The four LFOs include triangle, positive or negative sawtooth, square, and random options, as expected. They can sync to tempo for rhythmic effects, which sound especially tight via USB. When the LFOs aren’t synced, their rates cover an extremely wide range, extending well into the audio realm, which delivers even more FM and ring-mod nastiness.
Step sequencers. These are a total knockout. Sure, they can embed TB-303- style note riffs in your patches, but that’s barely scratching the surface. Each of the four sequencers can drive almost any Tetra parameter. All the usual pitch, cutoff, volume, and pan options are present, but things get really interesting when you sequence changes to, say, pulse width, filter FM amount, LFO rate, or envelope segments. As if that weren’t enough, each sequence can have a different number of steps, so polyrhythmic madness awaits more adventurous players. Unreal.
With my Prophet ’08 and Mopho at the ready, I took the Tetra out for a spin to see how it handled. Comparing sound quality was easy, as all three units share quite a few presets. As mentioned before, the sound is identical to the Mopho, and when feedback or sub-oscillators aren’t involved, it’s the same as the Prophet.
Speaking of presets, the Tetra is packed with sounds ranging from legendary vintage patches like the ELP “Lucky Man” square wave glide and Van Halen “I’ll Wait” brass to modern, club-oriented sounds. These are equally satisfying, with stylistic emphasis on progressive, tech, and a smattering of electro-friendly patches.
Unlike the Prophet and Mopho, the Tetra also includes a bank of 128 combo patches, many of which are layered multitimbral sequences. Hit a key or the “Push It!” button and stand back — this is where the Tetra is in a league of its own. A sizable chunk of these multis are one-finger demonstrations of the versatility of this beastie, whereas others are massive unison leads. Click here for an audio example of this.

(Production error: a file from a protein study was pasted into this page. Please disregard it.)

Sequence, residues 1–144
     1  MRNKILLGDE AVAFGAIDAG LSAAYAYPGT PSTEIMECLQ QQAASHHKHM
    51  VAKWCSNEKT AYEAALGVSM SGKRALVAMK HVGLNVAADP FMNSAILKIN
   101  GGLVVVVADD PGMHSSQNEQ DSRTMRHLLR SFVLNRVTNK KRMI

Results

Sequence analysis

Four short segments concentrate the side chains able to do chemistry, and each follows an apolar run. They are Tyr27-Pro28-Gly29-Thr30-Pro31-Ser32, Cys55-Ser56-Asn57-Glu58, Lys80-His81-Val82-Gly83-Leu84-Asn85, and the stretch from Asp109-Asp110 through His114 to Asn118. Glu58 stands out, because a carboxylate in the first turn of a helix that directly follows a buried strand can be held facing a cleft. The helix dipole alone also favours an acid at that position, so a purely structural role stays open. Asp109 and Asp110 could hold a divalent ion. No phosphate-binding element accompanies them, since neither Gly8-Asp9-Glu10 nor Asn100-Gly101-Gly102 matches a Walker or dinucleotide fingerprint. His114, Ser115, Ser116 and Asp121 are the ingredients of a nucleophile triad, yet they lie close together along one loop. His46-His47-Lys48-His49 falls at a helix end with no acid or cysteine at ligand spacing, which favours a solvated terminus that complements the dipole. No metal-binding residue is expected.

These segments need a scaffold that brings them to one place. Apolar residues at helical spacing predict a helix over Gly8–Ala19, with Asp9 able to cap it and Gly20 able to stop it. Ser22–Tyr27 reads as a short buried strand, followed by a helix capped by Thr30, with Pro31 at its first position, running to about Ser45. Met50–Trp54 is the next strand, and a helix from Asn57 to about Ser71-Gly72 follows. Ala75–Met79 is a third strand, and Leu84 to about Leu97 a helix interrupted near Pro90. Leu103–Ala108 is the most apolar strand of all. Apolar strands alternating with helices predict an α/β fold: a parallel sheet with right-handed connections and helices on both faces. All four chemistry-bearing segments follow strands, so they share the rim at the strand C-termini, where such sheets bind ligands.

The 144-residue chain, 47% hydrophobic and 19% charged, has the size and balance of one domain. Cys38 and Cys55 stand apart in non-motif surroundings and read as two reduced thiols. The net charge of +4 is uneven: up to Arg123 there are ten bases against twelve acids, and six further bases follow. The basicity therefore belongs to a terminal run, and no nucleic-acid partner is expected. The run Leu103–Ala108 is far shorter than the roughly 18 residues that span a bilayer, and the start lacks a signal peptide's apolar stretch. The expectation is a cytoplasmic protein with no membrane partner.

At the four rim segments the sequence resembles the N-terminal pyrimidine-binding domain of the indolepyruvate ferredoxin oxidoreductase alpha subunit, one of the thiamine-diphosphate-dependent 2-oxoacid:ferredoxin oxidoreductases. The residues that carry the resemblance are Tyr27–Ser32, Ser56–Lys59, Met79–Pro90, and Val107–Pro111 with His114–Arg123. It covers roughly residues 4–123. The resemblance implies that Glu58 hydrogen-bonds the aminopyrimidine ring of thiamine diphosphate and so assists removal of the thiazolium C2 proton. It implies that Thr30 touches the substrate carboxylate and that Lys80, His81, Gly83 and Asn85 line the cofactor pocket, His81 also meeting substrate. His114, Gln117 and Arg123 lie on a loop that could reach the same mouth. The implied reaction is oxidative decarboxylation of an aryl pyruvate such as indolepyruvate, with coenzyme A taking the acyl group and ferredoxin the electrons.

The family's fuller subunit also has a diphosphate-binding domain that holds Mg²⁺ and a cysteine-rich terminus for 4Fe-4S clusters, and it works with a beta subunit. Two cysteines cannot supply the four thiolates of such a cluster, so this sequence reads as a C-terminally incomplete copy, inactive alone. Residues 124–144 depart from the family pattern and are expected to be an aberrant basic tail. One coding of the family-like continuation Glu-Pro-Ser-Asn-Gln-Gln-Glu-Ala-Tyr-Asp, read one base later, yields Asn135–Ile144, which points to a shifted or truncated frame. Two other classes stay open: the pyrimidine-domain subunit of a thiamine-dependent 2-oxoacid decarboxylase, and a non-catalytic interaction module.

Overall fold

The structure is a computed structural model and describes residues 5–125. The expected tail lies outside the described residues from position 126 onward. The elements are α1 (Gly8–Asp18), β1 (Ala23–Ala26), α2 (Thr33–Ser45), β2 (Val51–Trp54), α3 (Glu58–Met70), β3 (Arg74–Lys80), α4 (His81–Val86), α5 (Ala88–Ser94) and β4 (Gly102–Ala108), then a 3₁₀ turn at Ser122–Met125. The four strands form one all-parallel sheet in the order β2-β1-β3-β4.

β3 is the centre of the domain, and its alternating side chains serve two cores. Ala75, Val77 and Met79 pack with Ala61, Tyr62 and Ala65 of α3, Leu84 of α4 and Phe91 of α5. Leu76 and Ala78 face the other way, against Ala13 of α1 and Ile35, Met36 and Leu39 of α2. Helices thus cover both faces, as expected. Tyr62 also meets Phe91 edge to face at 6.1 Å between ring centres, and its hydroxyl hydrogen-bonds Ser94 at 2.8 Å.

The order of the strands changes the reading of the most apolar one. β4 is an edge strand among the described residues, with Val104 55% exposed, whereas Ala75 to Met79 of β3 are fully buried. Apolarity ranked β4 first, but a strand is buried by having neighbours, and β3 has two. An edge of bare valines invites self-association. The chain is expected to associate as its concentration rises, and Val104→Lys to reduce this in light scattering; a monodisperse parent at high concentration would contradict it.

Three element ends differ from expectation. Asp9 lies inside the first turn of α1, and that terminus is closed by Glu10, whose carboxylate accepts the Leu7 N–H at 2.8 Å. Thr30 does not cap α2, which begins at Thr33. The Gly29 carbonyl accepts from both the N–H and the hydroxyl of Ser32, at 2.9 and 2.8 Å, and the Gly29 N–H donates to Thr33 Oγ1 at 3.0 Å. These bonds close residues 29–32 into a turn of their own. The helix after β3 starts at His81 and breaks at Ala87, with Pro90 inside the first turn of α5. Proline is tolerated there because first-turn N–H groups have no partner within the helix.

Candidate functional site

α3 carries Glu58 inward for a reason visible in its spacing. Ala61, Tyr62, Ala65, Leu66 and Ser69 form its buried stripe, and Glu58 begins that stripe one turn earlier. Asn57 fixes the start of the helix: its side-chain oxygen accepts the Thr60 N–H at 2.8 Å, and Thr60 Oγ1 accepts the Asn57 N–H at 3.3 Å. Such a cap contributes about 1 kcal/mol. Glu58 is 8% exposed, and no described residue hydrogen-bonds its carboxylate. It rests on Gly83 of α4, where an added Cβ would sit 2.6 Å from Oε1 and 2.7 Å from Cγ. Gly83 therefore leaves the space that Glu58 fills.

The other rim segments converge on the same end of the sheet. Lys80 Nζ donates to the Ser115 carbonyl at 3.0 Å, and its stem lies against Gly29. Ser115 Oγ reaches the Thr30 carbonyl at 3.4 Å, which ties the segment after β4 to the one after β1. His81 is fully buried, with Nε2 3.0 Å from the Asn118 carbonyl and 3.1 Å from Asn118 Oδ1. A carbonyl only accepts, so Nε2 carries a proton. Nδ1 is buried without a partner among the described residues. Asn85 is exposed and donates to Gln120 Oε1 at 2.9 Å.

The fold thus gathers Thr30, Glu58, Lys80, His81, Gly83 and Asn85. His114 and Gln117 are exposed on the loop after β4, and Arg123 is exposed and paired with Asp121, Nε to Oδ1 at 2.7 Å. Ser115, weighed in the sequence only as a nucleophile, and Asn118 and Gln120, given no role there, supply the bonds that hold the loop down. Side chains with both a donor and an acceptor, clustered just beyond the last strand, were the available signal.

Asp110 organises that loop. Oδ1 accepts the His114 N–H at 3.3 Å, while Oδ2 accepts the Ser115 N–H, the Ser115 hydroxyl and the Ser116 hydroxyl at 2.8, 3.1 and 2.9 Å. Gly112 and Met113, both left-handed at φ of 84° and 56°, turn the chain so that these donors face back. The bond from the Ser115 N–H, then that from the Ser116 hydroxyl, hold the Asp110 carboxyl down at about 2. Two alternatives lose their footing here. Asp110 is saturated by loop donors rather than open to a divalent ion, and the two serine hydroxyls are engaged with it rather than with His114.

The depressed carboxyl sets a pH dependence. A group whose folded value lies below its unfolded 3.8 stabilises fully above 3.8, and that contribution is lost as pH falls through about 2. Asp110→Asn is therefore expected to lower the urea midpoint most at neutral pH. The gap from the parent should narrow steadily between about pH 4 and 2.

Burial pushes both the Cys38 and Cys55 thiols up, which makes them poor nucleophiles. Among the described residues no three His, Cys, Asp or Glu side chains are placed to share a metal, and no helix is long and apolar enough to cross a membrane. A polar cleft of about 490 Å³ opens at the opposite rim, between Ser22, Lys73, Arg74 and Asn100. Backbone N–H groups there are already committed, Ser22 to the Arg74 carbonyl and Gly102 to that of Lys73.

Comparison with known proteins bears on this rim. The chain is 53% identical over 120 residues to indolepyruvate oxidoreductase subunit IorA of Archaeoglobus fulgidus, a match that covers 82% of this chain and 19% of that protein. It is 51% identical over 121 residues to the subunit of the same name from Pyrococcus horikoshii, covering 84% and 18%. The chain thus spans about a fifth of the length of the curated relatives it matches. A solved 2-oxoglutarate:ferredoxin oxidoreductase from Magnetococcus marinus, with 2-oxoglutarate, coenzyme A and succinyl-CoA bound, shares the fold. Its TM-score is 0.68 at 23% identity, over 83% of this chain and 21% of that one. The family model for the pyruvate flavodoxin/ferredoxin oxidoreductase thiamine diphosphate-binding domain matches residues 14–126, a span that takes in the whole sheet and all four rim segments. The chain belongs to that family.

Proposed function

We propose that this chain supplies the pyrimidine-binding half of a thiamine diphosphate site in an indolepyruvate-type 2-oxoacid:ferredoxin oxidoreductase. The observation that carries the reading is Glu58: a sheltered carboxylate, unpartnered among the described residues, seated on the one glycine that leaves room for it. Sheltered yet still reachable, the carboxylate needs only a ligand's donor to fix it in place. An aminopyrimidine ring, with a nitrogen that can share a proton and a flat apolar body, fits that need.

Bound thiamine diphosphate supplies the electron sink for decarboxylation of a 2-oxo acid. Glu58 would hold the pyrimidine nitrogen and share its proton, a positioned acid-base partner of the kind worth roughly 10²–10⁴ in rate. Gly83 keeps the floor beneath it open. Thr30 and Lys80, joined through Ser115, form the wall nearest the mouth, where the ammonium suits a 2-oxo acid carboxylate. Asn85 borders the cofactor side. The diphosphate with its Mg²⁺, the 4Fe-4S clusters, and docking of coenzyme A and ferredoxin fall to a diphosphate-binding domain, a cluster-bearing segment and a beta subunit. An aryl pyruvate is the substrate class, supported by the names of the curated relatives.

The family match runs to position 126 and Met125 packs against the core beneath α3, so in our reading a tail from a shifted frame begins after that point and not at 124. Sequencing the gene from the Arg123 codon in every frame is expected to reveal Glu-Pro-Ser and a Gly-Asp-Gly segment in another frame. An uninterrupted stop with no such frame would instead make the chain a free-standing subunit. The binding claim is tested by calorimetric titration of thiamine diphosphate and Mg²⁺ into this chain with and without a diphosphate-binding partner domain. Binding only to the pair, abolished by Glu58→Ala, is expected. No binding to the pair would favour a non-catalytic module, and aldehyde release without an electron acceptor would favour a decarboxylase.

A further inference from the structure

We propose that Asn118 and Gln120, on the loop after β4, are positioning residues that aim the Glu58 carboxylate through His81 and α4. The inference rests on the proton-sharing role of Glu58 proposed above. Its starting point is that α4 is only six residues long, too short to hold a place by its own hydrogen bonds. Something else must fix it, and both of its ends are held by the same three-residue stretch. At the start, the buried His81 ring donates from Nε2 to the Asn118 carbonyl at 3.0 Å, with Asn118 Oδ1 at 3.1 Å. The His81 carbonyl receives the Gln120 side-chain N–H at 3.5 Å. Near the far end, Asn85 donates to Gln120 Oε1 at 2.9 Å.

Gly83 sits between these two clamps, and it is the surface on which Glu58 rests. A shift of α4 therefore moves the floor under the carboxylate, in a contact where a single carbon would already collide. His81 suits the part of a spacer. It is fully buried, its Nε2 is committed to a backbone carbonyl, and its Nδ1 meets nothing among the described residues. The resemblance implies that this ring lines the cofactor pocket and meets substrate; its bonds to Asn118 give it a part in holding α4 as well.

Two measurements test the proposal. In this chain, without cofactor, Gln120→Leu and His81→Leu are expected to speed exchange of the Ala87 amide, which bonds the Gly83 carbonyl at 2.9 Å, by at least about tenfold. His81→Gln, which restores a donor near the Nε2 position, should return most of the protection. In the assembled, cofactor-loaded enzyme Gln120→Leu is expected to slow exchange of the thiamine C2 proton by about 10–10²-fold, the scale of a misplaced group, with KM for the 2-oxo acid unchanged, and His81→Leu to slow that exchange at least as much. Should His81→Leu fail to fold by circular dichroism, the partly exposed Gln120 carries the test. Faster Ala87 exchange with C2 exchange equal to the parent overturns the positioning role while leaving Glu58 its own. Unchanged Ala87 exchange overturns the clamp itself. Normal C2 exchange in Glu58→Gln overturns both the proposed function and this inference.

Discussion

Each of the four voices can be its own independent synth, responding to its own MIDI channel, but only if the global multimode parameter is set to on. While we’d rather see this handled as part of each combo preset, that you get multitimbral mode at all in an analog synth at this price is tremendous. Plus, the limitation only applies to four-part mode; two-part splitting or layering (just like on the Prophet ’08) is available per patch.
Tetra’s editor (Mac or PC) makes designing your own sounds (or sequences) much easier than flipping through parameters on the hardware’s LCD. The LE version is included; a Pro version adds librarian features and other amenities for $39.99. At press time, both were standalone apps only, but Dave Smith is working on a plug-in version that’ll let you automate the Tetra from within your DAW.
It’s no secret that I love my Prophet ’08 and Mopho. Their sound has been a key component in almost every recent track I’ve done. The Tetra’s sound is every bit as deep, rich, and fat as the others. In fact, had the Tetra been available in 2007, I might have bought it instead of the Prophet. That’s not a knock against my baby, it’s just a testament to the Tetra’s unprecedented value. Any two-oscillator, polyphonic, true analog synth for around $800 would be a game-changer. One this good means that if you’ve been on the fence about buying an analog synth, there has never been a better time to jump. Dave Smith has hit another one out of the park — an obvious Key Buy winner.
NEED TO KNOW
Is it fully analog? Tetra’s audio signal path — the DCOs, filter, and amp — is fully analog. The LFOs, sequencers, and envelopes are digital, which allows for MIDI tempo sync.
Are DCOs really analog? Absolutely. Both VCOs (voltage controlled oscillators), and DCOs (digitally controlled oscillators) have analog guts, but voltage control is a tad less consistent than digital, so the latter provides better tuning stability.
What does the Prophet ’08 have that the Tetra doesn’t? Four more voices, lots more knobs, and (except for the rack version), a keyboard.
What does the Tetra have that the Prophet doesn’t? Sub-oscillators and a feedback loop back into the filter, so its sound has a bit more meat on its bones. Also, the Prophet is only twopart multitimbral; the Tetra is four-part.
How does it compare to the Mopho? Since the Tetra is basically four Mophos in a box, the sound is identical but the flexibility is vastly increased. On the downside, the Tetra omits the Mopho’s external input, so you can’t process external audio through it.